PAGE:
Local Government Expenditures in the Covid-19 Era
May 26, 2020
By Jenny Wong, City Auditor, Berkeley, California
As I sit in my new workspace from my home (otherwise known as my living room couch), I join millions of Americans who work for states and localities.
While I am working productively, as are most of my peers, I am deeply distraught by the state of our economy. Unemployment has surpassed the levels of the great recession and resembles the numbers of the great depression. Some states are better prepared than others, and many will need to spend through their reserves. California where I live was in good fiscal shape before the pandemic and now projects a record $54 billion in budget deficit. Most local governments, like states, will need to balance their budgets by law and have less flexibility in raising new revenue than federal or state governments. With decreased revenues, this means local governments will need to find ways to reduce expenditures - perhaps dramatically - if they have not already.
How should they do this? What assumptions should they make? If we assume that shelter in place will be lifted somewhat, does this mean that commerce will return to normal? By when?
One thing for sure is that we can throw the phrase “back to normal” out the window. Vaccines are under development but even under the most optimistic of scenarios, vaccines will not be widely available until 2021 at the earliest and since the pandemic is driving the economic situation, we need to look to public health evidence to determine economic projections.
Even with reopening happening in some places, we will not have the restaurant capacity we had prior to sheltering in place. My city of Berkeley, CA, and other college towns will need to adjust even more for decreased taxes on businesses; other cities that bring in additional visitors for sporting events or conventions will need to adjust too. And without a vaccine, many people will not be comfortable going out to public places, even if restrictions are lifted. Finally, lifting restrictions without adequate public health measures could result in a massive spike in cases, renewed sheltering in place restrictions, and even more prolonged economic consequences.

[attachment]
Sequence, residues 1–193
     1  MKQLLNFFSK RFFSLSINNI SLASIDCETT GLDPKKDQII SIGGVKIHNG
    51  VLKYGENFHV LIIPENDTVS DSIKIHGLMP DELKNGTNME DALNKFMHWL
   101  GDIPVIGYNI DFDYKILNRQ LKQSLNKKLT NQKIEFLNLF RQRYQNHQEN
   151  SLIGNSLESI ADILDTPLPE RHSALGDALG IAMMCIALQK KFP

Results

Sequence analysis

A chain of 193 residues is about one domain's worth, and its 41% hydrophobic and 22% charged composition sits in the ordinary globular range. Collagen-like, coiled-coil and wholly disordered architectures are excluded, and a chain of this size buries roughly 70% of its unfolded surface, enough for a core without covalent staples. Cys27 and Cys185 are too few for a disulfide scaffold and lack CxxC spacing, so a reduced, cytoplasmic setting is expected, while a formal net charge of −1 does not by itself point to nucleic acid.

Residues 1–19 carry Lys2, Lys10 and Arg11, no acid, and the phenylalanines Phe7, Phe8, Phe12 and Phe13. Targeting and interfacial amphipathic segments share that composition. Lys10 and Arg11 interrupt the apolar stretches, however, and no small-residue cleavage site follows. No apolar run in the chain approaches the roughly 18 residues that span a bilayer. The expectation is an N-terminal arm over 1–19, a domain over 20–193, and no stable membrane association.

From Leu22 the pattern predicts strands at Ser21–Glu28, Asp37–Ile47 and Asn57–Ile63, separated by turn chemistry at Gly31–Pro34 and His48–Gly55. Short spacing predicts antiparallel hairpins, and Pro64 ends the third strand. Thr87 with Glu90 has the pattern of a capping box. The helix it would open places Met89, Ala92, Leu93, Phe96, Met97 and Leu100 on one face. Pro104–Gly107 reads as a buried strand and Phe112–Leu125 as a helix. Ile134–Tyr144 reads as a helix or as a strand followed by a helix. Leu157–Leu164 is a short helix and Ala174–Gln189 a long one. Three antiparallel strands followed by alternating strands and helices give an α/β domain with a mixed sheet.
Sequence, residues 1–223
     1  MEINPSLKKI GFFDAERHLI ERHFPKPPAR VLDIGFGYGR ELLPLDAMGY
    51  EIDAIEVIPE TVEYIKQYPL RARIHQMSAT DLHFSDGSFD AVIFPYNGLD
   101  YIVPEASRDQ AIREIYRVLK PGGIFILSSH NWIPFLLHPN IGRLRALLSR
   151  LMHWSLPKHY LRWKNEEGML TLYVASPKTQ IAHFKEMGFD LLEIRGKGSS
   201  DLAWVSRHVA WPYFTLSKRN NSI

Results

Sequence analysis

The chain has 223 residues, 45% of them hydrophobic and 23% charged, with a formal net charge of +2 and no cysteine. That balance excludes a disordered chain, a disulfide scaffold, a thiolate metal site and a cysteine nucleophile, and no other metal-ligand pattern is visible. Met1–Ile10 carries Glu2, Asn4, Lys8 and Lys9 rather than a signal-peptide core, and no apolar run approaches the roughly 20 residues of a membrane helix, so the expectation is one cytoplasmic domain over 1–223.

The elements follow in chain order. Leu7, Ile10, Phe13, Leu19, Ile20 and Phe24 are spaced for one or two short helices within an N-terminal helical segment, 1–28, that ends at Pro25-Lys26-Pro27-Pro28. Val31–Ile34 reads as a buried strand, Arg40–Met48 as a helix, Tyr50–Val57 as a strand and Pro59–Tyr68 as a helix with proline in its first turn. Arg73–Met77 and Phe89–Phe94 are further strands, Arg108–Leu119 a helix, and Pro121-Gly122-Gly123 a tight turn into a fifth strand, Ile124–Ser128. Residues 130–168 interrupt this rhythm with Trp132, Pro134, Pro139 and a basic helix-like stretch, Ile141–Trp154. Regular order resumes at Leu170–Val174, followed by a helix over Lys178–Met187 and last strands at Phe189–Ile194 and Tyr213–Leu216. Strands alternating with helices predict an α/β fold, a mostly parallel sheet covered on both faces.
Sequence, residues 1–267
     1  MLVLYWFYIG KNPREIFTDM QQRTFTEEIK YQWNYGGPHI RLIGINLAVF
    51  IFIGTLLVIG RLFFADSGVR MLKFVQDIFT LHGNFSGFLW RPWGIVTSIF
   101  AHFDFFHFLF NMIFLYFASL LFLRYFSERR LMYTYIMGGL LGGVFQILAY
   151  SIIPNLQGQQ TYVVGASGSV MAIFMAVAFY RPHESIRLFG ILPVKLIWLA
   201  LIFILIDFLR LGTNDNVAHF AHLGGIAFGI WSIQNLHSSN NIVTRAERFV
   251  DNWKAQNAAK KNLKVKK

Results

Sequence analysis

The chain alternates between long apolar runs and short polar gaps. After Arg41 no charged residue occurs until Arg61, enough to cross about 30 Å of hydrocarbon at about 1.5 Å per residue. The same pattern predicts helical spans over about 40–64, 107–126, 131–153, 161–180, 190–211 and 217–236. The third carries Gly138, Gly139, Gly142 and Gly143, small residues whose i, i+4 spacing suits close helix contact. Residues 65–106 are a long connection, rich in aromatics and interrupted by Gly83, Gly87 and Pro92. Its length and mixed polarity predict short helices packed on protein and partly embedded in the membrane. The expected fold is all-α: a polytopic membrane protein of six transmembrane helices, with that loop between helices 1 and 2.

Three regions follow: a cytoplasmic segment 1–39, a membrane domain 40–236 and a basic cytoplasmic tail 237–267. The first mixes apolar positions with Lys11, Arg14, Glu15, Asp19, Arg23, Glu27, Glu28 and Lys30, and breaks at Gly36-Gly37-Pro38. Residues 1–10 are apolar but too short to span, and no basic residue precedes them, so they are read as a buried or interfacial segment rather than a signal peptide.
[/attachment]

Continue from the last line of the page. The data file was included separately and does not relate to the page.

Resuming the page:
Local governments are adopting a range of expenditure reduction measures to balance their budgets. Many are instituting a hiring freeze and deferring large capital projects. Los Angeles instituted a 10 percent pay cut through furlough days over its next fiscal year for many as well as using reserves and special funds. Portland also instituted furloughs for unrepresented staff. New York is currently considering layoffs and furloughs as well. And these examples are large cities that received some aid from the federal government. Smaller cities like mine are left to their own devices to pick up the gap in funding. The bottom line: unless the federal government, which has the authority to borrow money, provides more aid to all local governments, services at the local level will suffer (and since local governments are often at the front lines of COVID-19 response, this could have the perverse effect of worsening the health situation).
In addition, because of COVID-19, there will be increased demand for many services. Local governments may, while cutting budgets overall, increase expenditures in some critical health related areas from the pandemic. FEMA will reimburse for some of these services because of its emergency nature, and as GAO reported, local governments need to invest resources to ensure they can recover maximum costs. Governments need to account for increased health care costs, ensuring public safety, taking care of our most vulnerable to ensure proper shelter for the unhoused, and ensure proper social distancing in the delivery of city services.
Some of this fiscal pressure may be relieved as other expenditures decrease. Some practices that could help decision makers in expenditure reduction include: 1) assessing essential services for the community rather than across the board cuts; 2) delaying non-essential projects; 3) looking at needs as a whole; 4) when enacting cuts, doing it swiftly to maximize the impacts; 5) when using reserves, ensure they last for the duration of the downturn; and 6) establish office of cost savings if no auditor exists.
Finally, we can use this pandemic as an opportunity to look at some long term practices with fresh eyes. While governments are doing the hard job of balancing budgets, we also have an opportunity for evaluating and reviewing how to better deliver services. How can we be more efficient? How can we deliver government services to better serve the public remotely? How can we best support small businesses as they prepare to open up? What public health measures should we put in place more permanently to help the most vulnerable?
Ultimately while local governments have many tools at their disposal, the economic impacts are so devastating, that it will be impossible to provide quality services for our communities without federal support. Congress can provide significant emergency funding when it wants to – for example, it has opened up trillions of dollars to support large corporations. It is critical that Congress take state and local needs seriously and allocate significant funds for local governments on the front lines working to protect the public health and safety of our people.